During the past weeks, I was involved in a service migration project. We are migrating some mostly java-based services from legacy infrastructure to the Cloud. Amazon Web Service (AWS) was chosen on the strategic level and we started with the migration of one service.
Level 0: AWS basics
Before we took the first service, we created new Virtual Private Clouds (VPS), established VPN connections to our
legacy Data Center. We created sub-networks, routes, and security groups. And it felt and straightforward to do even for team members not having any considerable networking or operations background. Credits to AWS here.
Also famous and matured EC2 service that is responsible for managing Virtual Machines on IaaS level, convinced the team quickly. No big surprises here. I’ve tried the first automation steps with ansible on the EC2 level and it worked as expected as well (even if automation is a big topic to talk about)
Level 1: Docker
So we turn onto our systems. It was kind of obvious that migrating existing
microservices can be eased with Docker since docker provides standardized API for managing containers and thereby for packaged services. We (re)packaged the first services as Docker containers and uploaded them to the AWS registry. Packaging application into the container was straightforward and was seen as advantageous by the whole team even there are still some corners like currently unsolved service discovery. However, we managed to play with EC2 instances and Docker standard tools and gained the first experience with containers in the cloud.
Level 2: Cluster management
As long you deal with one container the world is easy. As soon as you start to integrate several services and deploy them in a different environments you suddenly start to feel new set level op problems that just arise with the nature of distributed applications.
- Service Discovery / Service Registration
- Convenient and scalable logs management
- “cloudy” Monitoring
- Deployment, Container Scheduling.
- Abstraction level you want to deal with IaaS vs. Pass/Caas
- Isolation, Security
Amazon EC2 Container Service (ECS)
A ==strategic goal given to us is to abstract as much as possible from IaaS1== So we looked at the ECS. ECS is positioned by Amazone as the only serious vehicle to run applications that are packaged as Docker containers. ECS introduces a set of abstractions above EC2 instances, Load Balancers, Auto scaling groups, etc., and utilizes them. Basically, it defines a clusters and runs container on resources managed by the cluster. It works with two key abstractions, that as I guess are taken from Docker Swarm:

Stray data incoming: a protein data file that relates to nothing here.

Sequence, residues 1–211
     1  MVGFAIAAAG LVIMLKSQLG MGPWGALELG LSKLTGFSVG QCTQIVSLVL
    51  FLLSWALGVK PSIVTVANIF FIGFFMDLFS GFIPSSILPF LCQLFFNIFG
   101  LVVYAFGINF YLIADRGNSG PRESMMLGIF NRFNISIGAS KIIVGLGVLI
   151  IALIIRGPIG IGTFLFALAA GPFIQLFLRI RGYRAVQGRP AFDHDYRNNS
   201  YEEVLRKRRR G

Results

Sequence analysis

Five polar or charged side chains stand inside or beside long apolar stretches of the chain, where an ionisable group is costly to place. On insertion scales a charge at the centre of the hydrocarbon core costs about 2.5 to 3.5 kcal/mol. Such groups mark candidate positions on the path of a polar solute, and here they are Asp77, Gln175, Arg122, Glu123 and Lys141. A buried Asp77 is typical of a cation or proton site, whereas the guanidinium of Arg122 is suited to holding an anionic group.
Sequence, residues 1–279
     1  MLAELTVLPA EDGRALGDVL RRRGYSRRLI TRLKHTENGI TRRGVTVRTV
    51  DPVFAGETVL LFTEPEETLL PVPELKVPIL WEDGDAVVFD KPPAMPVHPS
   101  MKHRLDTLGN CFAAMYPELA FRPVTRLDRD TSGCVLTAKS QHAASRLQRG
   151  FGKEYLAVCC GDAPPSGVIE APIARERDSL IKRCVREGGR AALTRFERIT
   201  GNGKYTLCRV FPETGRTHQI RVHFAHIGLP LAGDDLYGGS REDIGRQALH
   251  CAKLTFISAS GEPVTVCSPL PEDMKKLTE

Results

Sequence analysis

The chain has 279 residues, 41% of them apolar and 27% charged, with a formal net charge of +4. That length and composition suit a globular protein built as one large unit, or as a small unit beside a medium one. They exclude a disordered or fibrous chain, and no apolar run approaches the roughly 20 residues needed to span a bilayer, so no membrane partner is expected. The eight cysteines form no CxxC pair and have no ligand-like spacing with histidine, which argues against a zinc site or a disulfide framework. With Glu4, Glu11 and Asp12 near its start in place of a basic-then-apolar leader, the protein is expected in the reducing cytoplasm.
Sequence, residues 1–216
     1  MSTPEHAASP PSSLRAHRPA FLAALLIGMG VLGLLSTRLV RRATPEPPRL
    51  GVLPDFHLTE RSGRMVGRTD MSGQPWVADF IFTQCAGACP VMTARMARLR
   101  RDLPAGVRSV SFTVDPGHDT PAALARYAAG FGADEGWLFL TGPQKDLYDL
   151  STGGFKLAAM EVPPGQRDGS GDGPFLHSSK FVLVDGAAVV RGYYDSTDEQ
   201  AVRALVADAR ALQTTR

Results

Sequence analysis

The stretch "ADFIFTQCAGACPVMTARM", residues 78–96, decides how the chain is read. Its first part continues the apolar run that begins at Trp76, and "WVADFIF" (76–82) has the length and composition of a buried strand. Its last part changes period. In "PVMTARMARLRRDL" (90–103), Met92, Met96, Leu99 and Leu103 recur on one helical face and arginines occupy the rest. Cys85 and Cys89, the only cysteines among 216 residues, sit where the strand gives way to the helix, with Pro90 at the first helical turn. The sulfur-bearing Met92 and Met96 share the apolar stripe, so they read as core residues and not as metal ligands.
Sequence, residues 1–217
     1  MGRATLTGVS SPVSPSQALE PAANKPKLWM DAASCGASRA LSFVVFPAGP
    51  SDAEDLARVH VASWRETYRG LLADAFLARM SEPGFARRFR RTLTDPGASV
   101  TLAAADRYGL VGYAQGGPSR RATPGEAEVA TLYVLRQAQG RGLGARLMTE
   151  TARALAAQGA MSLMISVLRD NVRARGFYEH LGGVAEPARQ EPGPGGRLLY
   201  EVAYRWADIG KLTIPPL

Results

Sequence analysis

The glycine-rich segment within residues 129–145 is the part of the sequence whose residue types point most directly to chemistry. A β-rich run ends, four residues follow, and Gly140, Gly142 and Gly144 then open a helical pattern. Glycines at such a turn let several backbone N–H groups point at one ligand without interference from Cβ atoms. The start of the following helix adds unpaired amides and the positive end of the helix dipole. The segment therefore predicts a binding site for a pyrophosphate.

- Task Definition carries a Docker container(s). Is an atomic unit of scheduling. Similar to Kubernetes Pod
- Service combines one task with additional configuration and resources like Load Balancer. Service ensures that desired number of tasks runs in the cluster. Restarts and reschedules tasks if needed.
So ECS solves scheduling, potentially a lot of the load balancing. However, the ==lack of Service Discovery mechanisms is a big disadvantage== here. This could mean we need to install and maintain that by our self and per cluster.
At the moment I cannot compare it to a container cloud management stack like Kubernetes in detail, but it regarding Service discovery and port management Kubernetes wins clearly.
####ECS limitations Let me try to summarize it with the following points:
- Lack of Service Discovery
- Looks like ESC is developed slowly and feels already not to be state of the art
- Exposed service needs to run behind AWS Load balancer. AWS Loadbalancers const money, there is some reusage possible but per ELB you pay ca. 20€ a month.
- There is nothing like health checks on the container level. :(
- As far I see it is not possible to use shared volumes across several containers or at least mount something independently of the underlying EC2 instance easily.
AWS Elastic Beanstalk with Multi-container Docker Environments
Since ECS is somehow in between IaaS and PaaS layers we’ve also tried Elastic Beanstalk with Docker (Non-Docker solutions are too limit or mean too much vendor lock). This is indeed interesting, in a sense of cluster provisioning! Really nice. But there is one thing that is strange for microservices. For the moment Beanstalk Service is Application-centric, which means every application can have many environments (clusters). This is something we see different in our case… We need few clusters and be able to deploy a lot of services independently. They often belong to different “applications”. But AWS Elastic Beanstalk only allows you to deploy a whole set of services as an application at once - something we don’t like, something will not work for us.
Well, in my ideal vision, every container that is started in a particular environment, e.g. “production cluster”, needs to be automatically configured or provisioned with dependent resources like Databases, referenced service access URLs, certificates, passwords, etc. This is where Service Discovery comes to play and this is what is missed by AWS so far out of the box.
So in the next weeks, we might end up deciding to build some kind of basic provisioning of our ECS machines that run something like Hashicorp’s consul, or we even look at Kubernetes.
Or maybe you have ideas to share. You are welcome to comment!
Some strategists believe this is the only way to reduce maintenance efforts. Personally, I’m doubting this dogmatism. It’s not about the level of abstraction only, it’s about clean concepts and all that stuff Software architecture is about. It can imagine, there is something that could be done on the IaaS level, that might save you a lot of maintenance efforts elsewhere. The good thing, big cloud providers like AWS and GCE allows you to choose the level of abstraction to some degree. ↩︎